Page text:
Exceed Customer Expectations, says Perth’s Captivate Connect
Not all Australian companies understand the importance of customer experience, warns Perth entrepreneur Mark Horwood, who is changing how businesses around the world relate to clients.
He says customer experience quantified a person’s emotional response in dealings with a company or organisation, and most major US corporations hire a director of customer experience.
“We need to look at some of the reasons that this is important, that a customer ‘feels’ an emotional attachment to a business,” Mr Horwood said.
His firm, Captivate Connect, developed new technology to defeat frustrating on-hold phone calls by helping organisations to interact with consumers who were waiting to speak to a staff member.
Mr Horwood says businesses and organisations must exceed consumer expectations to enjoy the benefit of positive customer experiences.
He noted the evolution of commerce with disruptors, such as Uber Eats and Amazon, and commoditisation, in which products or services became indistinguishable from similar ones.
Mr Horwood continued: “Do you ’feel’ any emotional connection to Amazon or the Uber Eats delivery person? Nope. Can you remember the name of the restaurant from which the Uber Eats bag emanated? Nope.”
He said commoditised products had thin margins and were sold by price, not brand. Typically, ever cheaper and common technology was sold by more suppliers who lower prices even further.
“So, when a business does not want to be seen as ‘the same as everyone else’ – chasing prices to the bottom and squeezing margins – what can it do?” Mr Horwood asked.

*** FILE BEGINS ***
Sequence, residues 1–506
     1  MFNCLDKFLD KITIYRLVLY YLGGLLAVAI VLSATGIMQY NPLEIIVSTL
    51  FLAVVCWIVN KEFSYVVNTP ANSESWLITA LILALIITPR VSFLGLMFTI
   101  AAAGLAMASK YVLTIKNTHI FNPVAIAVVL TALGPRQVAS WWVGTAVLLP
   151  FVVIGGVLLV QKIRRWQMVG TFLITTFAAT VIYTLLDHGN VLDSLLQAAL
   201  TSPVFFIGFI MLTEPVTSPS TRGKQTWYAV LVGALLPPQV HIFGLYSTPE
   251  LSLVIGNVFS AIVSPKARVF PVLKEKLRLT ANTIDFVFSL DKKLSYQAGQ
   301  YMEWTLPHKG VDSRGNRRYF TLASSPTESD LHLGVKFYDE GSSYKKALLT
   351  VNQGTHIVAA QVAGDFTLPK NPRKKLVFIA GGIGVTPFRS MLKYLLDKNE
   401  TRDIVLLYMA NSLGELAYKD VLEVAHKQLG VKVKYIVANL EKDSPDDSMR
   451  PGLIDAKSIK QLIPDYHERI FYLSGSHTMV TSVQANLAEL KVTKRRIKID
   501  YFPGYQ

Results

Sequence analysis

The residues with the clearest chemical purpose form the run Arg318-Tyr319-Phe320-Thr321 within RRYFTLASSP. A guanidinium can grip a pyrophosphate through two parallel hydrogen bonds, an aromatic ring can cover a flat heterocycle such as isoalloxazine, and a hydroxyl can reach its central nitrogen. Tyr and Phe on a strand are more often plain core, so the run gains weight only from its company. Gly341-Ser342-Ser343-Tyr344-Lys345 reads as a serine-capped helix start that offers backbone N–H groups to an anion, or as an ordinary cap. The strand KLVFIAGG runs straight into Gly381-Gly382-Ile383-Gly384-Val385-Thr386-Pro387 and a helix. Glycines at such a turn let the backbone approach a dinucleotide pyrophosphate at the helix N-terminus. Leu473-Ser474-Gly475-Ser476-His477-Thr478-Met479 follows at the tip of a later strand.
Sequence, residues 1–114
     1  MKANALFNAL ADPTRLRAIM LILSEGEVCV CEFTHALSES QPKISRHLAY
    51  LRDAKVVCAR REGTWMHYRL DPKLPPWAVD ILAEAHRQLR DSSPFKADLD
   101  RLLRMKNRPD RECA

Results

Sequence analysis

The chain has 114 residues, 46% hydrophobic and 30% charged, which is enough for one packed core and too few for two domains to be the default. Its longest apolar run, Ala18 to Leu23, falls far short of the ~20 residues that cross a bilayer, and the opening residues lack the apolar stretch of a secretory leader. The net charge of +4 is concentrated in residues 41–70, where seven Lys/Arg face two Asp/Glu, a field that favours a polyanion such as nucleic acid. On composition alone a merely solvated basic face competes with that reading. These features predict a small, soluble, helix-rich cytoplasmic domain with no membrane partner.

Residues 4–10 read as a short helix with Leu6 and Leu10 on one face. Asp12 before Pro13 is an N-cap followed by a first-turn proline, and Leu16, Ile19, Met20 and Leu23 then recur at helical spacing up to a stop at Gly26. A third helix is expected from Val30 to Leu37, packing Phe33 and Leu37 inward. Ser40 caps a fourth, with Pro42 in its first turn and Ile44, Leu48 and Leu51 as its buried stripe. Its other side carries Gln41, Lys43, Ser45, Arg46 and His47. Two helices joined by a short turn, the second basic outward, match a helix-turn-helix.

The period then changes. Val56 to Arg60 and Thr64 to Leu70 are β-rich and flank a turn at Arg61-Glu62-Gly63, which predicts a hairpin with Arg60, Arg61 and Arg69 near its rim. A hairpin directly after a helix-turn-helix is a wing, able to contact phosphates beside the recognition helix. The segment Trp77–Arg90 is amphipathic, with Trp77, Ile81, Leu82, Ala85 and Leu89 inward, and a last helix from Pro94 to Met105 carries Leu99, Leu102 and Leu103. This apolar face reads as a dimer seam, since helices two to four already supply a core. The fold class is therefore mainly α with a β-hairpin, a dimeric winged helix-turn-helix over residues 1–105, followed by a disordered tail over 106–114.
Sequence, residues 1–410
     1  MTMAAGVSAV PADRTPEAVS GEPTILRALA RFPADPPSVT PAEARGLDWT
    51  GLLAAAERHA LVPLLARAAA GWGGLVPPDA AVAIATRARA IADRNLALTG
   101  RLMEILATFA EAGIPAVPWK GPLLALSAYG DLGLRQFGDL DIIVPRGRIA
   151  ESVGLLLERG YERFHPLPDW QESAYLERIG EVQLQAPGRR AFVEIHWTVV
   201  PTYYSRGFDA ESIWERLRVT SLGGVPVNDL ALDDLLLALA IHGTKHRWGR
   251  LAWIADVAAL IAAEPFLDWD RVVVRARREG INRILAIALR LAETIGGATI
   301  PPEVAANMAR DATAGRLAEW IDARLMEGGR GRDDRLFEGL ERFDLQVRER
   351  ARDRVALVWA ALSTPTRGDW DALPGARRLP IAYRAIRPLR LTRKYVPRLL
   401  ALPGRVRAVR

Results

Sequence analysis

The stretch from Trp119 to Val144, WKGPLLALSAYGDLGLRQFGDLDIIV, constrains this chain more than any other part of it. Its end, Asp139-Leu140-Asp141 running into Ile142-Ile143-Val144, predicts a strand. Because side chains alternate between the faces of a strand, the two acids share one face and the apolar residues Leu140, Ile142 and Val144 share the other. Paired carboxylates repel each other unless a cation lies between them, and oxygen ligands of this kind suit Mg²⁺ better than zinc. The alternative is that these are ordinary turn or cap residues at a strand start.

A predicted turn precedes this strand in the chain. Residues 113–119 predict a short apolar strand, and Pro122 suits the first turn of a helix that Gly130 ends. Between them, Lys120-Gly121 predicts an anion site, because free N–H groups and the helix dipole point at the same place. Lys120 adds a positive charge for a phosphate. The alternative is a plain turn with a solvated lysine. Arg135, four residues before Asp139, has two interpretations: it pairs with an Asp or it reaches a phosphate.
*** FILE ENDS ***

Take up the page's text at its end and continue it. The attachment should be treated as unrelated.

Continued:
“It must make the business different in the mind of the customer,” he explained.
“To do this, it needs to create a connection – not an Uber Eats bag type of relationship, but one where the customer forms an emotional connection. One that is memorable long after price is forgotten.”
Mr Horwood said a five-star restaurant that met customer expectations had done just that. But a pasta joint in the suburbs that exceeded customer expectations might be more memorable.
“Which of these two restaurants are you going to bother rating on Google?” he asked. “Which will you tell your friends to go to?”
He went on: “Larger corporations have the most to give and the most to gain from improving customer experience as generally they are not too good at it.”
Mr Horwood singled out being kept waiting on a telephone as a pet hate. “Why do they do that in this day and age of modern technology when there are so many caller preferred options?” he asked.
Captivate Connect’s world-leading phone technology offered entertainment to people on hold as well as information, a quiz, several genres of music and, importantly, a podcast, download of the company app being called and option to be called back.
The internet helped Captivate Connect establish a bigger customer base in the US than Australia.
“From a business perspective, you gain from this new service not only from having improved customer experience, but higher Google ratings and, of course, the business database grows from every number that requests the quiz or app or podcast link,” Mr Horwood said.
He said customer experience differed from customer service. The latter concerned human interaction and directly supporting customers but was only one aspect of dealing with customers.
“Customer experience is the sum of the entire customer journey with your business,” he said.